In a test of goalie endurance, Mrazek has pulled ahead of Howard

The pucks went into the net fast and furious. The red light went on behind the goalie so often, he got a sunburn on the back of his neck.

It was a rough night at the office for Glen Hanlon, but with typical aplomb befitting him, he was able to crack wise about it afterward.

“Who replaced the net behind me with a soccer goal?” Hanlon quipped.

Hanlon, the ginger who played between the pipes for the Red Wings from 1986-1991, was in net on February 23, 1988 when the Philadelphia Flyers stormed into Joe Louis Arena and smacked the Red Wings, 11-6. Hanlon allowed 10 of the 11 goals that night.

But Hanlon put that nightmare evening behind him and scored two shutouts in his next four starts.

Hockey players are known for wearing the “C” on their sweater but it may as well stand for “confidence.” Never is that more true than with goalies.

You know goalies—that odd breed of athlete.

Hockey goalies are either nuts or savants. They either know something we don’t, or they’ve been sniffing the goal post paint.

Why else would you suit up and face vulcanized rubber discs fired at you?

The mental aspect of the position has swallowed some netminders whole. Even the Hall of Famers have had their moments—and by that I mean, where they could be fitted for a straitjacket.

Glenn Hall once played in over 500 consecutive games, without a mask, which makes him the Supreme Nut. And Hall went through a ritual before every game where he would throw up, like clockwork. It was every bit as normal as Brendan Shanahan tapping the blade of his stick for good luck as he stepped onto the ice every night.

Roger Crozier retired briefly, in his 20s. The reason? The stress of being a goalie threatened to consume him.

Jimmy Rutherford once told of having dreams where pucks were flying at him from all different directions, all at the same time.

Dominik Hasek is a very nice man, but he’s crazy, too. Hasek was as quirky as Felix Unger.

So don’t try to tell me that goalies are the same as everyone else walking this planet.

But it all comes down to the big “C”—confidence.

If you lose it as a goalie, you can’t stop a beach ball. And the net behind you turns into a soccer goal.

Petr Mrazek, the Red Wings goalie for whom you want to buy a vowel, has morphed into the team’s no. 1 netminder. It’s been a non-hostile takeover, but a takeover nonetheless.

Coach Jeff Blashill began the season with good intentions. He alternated goalies, a la the great Boston Bruins teams of the early-1970s.

But lately, Mrazek has been the man. He’s the one playing with confidence. Mrazek has started three straight games, which under Blashill is akin to Glenn Hall’s streak.

Jimmy Howard is no. 2. He’s the one with the shrinking “c” on his sweater.

Howard’s last two starts have ended the same way—with him on the bench, wearing a baseball cap.

On December 22, Howard started at home against New Jersey and 14 minutes and three goals later, his night was finished.

A week later in Winnipeg, Howard lasted 31 minutes and surrendered four goals. His save percentage in those two games combined was .650, which is like a starting pitcher with an ERA of 12.

Howard hasn’t seen the ice since, as Mrazek is playing with flair and with the big “C.”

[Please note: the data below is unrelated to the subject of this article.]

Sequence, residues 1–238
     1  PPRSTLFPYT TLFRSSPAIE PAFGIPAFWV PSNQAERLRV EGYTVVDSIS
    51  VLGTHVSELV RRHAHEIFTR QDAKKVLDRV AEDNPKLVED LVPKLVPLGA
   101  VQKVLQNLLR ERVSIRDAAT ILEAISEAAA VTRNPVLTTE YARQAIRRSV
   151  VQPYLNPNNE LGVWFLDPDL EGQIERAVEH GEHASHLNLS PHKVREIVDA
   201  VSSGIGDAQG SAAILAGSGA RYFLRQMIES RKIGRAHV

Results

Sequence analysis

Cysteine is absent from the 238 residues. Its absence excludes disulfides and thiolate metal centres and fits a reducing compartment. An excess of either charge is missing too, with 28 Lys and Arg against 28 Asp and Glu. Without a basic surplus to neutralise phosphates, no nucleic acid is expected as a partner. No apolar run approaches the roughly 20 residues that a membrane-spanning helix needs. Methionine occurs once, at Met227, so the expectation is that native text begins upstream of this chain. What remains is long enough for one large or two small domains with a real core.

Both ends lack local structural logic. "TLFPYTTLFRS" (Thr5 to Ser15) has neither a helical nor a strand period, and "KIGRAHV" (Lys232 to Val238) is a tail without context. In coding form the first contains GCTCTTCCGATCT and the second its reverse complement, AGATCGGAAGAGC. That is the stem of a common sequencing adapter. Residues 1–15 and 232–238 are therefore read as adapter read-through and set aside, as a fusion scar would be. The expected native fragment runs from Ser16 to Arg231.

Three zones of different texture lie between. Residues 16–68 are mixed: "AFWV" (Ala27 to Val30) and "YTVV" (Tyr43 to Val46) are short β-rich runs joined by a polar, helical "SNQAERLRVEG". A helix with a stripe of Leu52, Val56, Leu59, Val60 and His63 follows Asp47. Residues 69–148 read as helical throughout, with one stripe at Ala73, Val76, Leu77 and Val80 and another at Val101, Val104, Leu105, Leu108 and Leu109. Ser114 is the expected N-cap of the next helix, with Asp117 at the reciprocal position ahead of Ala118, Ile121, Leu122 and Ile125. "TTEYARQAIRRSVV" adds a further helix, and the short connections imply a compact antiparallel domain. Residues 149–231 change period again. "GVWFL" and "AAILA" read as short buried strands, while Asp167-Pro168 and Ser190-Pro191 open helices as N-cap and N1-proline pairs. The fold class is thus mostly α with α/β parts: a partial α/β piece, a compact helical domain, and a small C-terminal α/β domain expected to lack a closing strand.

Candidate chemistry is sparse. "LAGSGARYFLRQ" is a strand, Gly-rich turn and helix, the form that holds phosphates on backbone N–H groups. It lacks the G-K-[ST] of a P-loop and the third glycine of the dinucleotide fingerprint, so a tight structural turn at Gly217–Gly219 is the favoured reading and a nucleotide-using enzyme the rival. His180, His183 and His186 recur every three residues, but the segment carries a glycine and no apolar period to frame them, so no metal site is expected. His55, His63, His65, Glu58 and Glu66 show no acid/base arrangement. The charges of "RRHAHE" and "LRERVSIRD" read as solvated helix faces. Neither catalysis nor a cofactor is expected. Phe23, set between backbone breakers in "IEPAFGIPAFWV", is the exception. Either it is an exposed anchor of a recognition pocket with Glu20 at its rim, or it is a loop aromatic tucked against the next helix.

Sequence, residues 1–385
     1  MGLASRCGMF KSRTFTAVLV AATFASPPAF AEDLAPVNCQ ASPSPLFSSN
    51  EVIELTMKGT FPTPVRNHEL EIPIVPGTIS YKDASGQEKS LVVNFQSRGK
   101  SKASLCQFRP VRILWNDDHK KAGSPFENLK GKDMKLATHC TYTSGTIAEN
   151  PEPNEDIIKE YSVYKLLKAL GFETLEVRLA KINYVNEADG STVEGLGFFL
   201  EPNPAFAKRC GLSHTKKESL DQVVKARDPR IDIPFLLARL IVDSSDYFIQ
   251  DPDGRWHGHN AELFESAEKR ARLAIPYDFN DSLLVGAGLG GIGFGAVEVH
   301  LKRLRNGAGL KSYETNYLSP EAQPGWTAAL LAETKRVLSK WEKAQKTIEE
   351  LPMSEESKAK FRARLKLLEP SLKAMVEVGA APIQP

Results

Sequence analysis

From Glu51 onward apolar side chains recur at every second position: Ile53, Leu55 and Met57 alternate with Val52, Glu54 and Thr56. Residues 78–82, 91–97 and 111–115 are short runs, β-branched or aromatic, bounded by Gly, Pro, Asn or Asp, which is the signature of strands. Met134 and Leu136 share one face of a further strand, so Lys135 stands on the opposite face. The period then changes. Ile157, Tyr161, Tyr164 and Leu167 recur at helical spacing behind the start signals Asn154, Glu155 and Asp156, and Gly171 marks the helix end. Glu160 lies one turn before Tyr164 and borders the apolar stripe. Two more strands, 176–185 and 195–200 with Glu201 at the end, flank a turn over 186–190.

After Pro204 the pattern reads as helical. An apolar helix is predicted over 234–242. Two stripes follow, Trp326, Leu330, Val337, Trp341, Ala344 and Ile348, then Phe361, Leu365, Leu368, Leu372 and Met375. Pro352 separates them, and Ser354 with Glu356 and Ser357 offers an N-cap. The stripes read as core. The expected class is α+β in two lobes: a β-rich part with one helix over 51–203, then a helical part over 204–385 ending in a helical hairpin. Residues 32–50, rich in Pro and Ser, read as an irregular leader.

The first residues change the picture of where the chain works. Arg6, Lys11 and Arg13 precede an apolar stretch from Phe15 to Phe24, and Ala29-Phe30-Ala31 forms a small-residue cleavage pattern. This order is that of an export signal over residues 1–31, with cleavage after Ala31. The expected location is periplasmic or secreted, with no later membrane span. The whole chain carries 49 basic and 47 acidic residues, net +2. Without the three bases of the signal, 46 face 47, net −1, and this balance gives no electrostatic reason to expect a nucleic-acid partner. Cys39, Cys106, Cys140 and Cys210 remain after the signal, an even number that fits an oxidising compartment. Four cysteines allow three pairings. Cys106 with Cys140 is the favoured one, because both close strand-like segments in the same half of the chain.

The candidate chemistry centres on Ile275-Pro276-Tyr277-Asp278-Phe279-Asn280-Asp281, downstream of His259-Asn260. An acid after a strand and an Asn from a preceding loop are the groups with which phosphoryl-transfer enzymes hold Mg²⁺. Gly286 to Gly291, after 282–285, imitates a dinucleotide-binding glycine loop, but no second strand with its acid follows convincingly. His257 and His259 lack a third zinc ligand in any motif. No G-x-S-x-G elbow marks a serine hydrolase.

When it comes to confidence, by the way, you won’t find a goalie in the NHL with much more of it than what Mrazek has.

Confidence—some call it swagger—has been Mrazek’s calling card from the moment the Red Wings scouts first saw him play in the Czech Republic.

The Red Wings nabbed Mrazek in the fifth round of the 2010 NHL Entry Draft, which is about right. The Red Wings have made a killing in the later rounds over the past 25 years or so. It’s as if their scouts knuckle down when other teams’ start to lose interest.

Mrazek hates to be scored upon, and not because of fear of the red light—because of disdain. Teammates marvel at his intensity, even in practice.

Petr Mrazek

Mrazek has seized the Red Wings’ no. 1 goalie job—or so it would appear.

Now, no goalie likes to be scored upon. This is hardly a trait unique to Mrazek. But Mrazek’s brimming confidence/swagger raised the team’s eyebrows when they scouted him, and nothing has changed since.

Mrazek pitched two shutouts at the high-scoring Tampa Bay Lightning in last year’s playoffs, when coach Mike Babcock chose the kid over the veteran Howard to be his post-season goalie. And had the Red Wings survived that first-round series, Mrazek no doubt would have remained the no. 1 guy throughout the playoffs.

Blashill took over last summer and he said polite things about Howard, who is going to be 32 years old in March. Then Blashill declared an open competition in training camp, and to the coach’s delight, his decision about who was no. 1 was rendered excruciating, mostly thanks to Howard’s solid play. The 23 year-old Mrazek was up to the task, as expected.

So Blashill decided that his decision on who would be the primary starting goalie would be…neither man. Hence the alternating goalie system out of the gate.

But like a long distance foot race, the younger man is pulling ahead.

Mrazek threw a shutout at the Devils on Monday night, so it would make sense that Blashill will start the Czech for a fourth straight game, at San Jose on Thursday.

As for Howard, it can’t help his confidence that seven of the 20 most recent shots he’s seen have eluded him, and that he’s been pulled in two straight starts.

But Howard is a goalie, and goalies are used to having their confidence ebb and flow. They all know that when they sign up for the job. And they do so, gladly.

Because they’re kooky.

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